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Publication numberUS4499726 A
Publication typeGrant
Application numberUS 06/558,478
Publication dateFeb 19, 1985
Filing dateDec 6, 1983
Priority dateDec 6, 1983
Fee statusLapsed
Publication number06558478, 558478, US 4499726 A, US 4499726A, US-A-4499726, US4499726 A, US4499726A
InventorsChrister Bratt
Original AssigneeUnited Stirling Ab
Export CitationBiBTeX, EndNote, RefMan
External Links: USPTO, USPTO Assignment, Espacenet
Heater head for a multi-cylinder hot gas engine
US 4499726 A
Abstract
A heater head of a multi-cylinder hot gas engine having an annular regenerator housing surrounding each cylinder is provided with three manifolds at the top of each cylinder-regenerator housing unit.
Each manifold is arcuately shaped and covers 360/2Ěn degrees--n being the number of engine cylinders.
One manifold has an outer and inner row of arcuately disposed tube connections to the interior of the cylinder, and is disposed between the two other manifolds.
One of the remaining manifolds has a single row of tube connections to the regenerator said row being a continuation of said inner row whereas the last manifold has a single row of tube connections being a continuation of the said outer row.
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Claims(3)
What is claimed is:
1. In a heater for a multi-cylinder hot gas engine of the type having regenerator housings of annular cross section surrounding the cylinders of the engine, said heater head comprising arcuately shaped primary manifolds connected to the cylinder tops, arcuately shaped secondary manifolds connected to the regenerator housing tops, and a plurality of equally shaped heater tubes connecting said primary and secondary manifolds which when mounted together form two coaxially disposed, circular tube connections, the improvement comprising each of said primary manifolds extending arcuately through 360/2Ěn degrees where n is the number of engine cylinders, each of said primary manifolds including two coaxially disposed segments of tube connections, and each regenerator housing being provided with two secondary manifold segments, each of which being of the same angular size as said primary manifold and extending at each side thereof, one of said secondary segments forming a part of the outer one of said circular tube connections and the other forming a part of the inner one of said circular tube connections.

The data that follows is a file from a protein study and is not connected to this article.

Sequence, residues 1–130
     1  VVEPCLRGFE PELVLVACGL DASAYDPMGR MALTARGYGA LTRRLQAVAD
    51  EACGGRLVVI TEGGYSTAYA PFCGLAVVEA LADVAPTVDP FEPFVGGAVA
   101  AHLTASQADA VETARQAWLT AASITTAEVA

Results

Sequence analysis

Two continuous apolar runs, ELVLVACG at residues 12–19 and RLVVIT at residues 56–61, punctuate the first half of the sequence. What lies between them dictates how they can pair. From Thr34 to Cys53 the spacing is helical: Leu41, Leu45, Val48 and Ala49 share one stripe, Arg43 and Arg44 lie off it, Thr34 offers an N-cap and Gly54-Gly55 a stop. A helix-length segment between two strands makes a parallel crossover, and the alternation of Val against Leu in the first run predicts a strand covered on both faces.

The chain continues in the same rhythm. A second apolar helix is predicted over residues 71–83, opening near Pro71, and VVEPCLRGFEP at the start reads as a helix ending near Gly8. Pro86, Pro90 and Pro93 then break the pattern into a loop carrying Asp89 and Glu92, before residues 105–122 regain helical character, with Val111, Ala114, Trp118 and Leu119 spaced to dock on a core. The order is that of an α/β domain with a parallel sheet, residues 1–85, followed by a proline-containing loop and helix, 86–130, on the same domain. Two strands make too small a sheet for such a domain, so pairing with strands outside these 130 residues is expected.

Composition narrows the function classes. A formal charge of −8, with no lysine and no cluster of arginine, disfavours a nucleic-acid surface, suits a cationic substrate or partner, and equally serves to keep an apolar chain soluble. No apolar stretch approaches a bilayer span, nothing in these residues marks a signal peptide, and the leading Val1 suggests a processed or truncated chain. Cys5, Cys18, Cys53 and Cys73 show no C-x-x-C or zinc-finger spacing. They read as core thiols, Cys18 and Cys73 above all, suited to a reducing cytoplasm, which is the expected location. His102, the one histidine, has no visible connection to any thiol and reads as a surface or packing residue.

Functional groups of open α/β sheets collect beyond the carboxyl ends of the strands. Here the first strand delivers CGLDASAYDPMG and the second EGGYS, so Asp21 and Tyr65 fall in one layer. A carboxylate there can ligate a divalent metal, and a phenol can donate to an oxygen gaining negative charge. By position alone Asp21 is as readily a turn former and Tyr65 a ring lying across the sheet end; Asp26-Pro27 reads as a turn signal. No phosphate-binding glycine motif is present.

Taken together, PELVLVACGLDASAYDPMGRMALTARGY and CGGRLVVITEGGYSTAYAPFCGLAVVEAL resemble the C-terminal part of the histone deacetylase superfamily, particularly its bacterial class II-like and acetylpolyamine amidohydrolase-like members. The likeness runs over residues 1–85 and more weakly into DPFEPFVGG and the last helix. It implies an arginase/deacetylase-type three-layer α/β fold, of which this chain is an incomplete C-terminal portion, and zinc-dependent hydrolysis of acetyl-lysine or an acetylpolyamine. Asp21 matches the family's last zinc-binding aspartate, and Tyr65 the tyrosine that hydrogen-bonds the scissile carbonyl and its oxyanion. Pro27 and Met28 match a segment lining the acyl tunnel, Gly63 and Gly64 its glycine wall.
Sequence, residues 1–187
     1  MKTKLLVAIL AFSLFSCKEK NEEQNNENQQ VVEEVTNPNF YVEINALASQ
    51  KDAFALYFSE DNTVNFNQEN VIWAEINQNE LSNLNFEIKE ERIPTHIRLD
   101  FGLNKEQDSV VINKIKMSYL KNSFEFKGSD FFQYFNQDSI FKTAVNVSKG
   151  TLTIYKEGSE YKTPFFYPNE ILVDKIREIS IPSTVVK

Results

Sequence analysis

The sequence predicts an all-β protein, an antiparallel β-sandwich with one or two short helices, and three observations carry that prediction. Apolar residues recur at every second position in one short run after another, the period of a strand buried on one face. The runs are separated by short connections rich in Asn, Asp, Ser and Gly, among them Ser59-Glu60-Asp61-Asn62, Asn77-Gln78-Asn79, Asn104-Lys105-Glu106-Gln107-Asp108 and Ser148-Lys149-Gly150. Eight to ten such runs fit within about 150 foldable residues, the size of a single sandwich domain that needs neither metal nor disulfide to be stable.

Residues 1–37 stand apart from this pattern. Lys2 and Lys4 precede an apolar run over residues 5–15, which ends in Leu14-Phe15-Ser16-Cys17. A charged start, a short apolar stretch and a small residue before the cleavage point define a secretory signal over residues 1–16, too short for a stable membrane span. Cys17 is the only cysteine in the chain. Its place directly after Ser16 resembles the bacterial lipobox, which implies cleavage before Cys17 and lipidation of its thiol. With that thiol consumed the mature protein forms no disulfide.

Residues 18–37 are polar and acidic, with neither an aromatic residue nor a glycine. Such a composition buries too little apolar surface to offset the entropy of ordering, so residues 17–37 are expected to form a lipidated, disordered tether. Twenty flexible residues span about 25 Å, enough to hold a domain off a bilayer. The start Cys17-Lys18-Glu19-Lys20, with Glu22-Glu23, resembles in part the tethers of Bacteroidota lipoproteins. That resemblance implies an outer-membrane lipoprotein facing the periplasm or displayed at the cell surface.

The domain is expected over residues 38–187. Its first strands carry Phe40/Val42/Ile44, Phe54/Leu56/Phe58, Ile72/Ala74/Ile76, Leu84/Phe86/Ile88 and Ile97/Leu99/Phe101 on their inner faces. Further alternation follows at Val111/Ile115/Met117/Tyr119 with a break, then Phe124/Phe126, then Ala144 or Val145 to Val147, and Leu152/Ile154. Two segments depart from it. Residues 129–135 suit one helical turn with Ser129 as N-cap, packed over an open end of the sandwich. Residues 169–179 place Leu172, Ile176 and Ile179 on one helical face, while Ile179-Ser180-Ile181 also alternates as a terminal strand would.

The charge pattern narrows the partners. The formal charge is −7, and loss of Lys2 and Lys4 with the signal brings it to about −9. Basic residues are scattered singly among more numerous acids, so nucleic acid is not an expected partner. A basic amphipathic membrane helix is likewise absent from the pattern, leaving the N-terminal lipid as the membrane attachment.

2. The improvement in a heater head according to claim 1, wherein each heater tube is arranged between the inner and the outer circular tube connection, said heater tube extending angularly through 360/2Ěn degrees.
3. The improvement in a heater head according to claim 1, wherein each heater tube extends inclined upwardly from the inner circular tube connection following an imaginary cylinder of a diameter corresponding to that of the inner circular tube connection, each heater tube is bent outwardly at its top location, and each heater tube continues vertically downwardly to the outer circular tube connection.
Description
BACKGROUND OF THE INVENTION

1. Field of the Invention

This invention relates to a heater head for a multi-cylinder hot gas engine of the type having regenerator housings of annular cross section surrounding the cylinders of the engine, said heater head comprising arcuately shaped primary manifolds connected to the cylinder tops, arcuately shaped secondary manifolds connected to the regenerator housing tops, and a plurality of equally shaped heater tubes connecting said primary and secondary manifolds which when mounted together form two coaxially disposed circular tube row connections.

2. Description of the Prior Art

The U.S. Pat. No. 4,261,173 shows a hot gas engine heater head of known design in which the primary manifolds together form a complete circular tube row connection and in which the secondary manifolds together form another complete circular tube connection. The manifolds of each cylinder-regenerator housing unit of the known four-cylinder engine extend through a common 90 degree angular section. This involves radial gaps through the heater head between the adjacent manifolds. Such gaps may increase due to thermal deformations and they will involve loss of heat.

In case of uneven heat transfer to the heater head one cylinder-regenerator unit may be exposed to greater heat than the other units. This will result in a lower average heater head temperature because the temperature is governed by the peak value. A lower average hot gas temperature will cause a decrease of the engine efficiency.

SUMMARY OF THE INVENTION

The object of the invention is to provide a hot gas engine heater head of the type referred to above which will improve the efficiency of the heating system as well as of the energy conversion of the engine.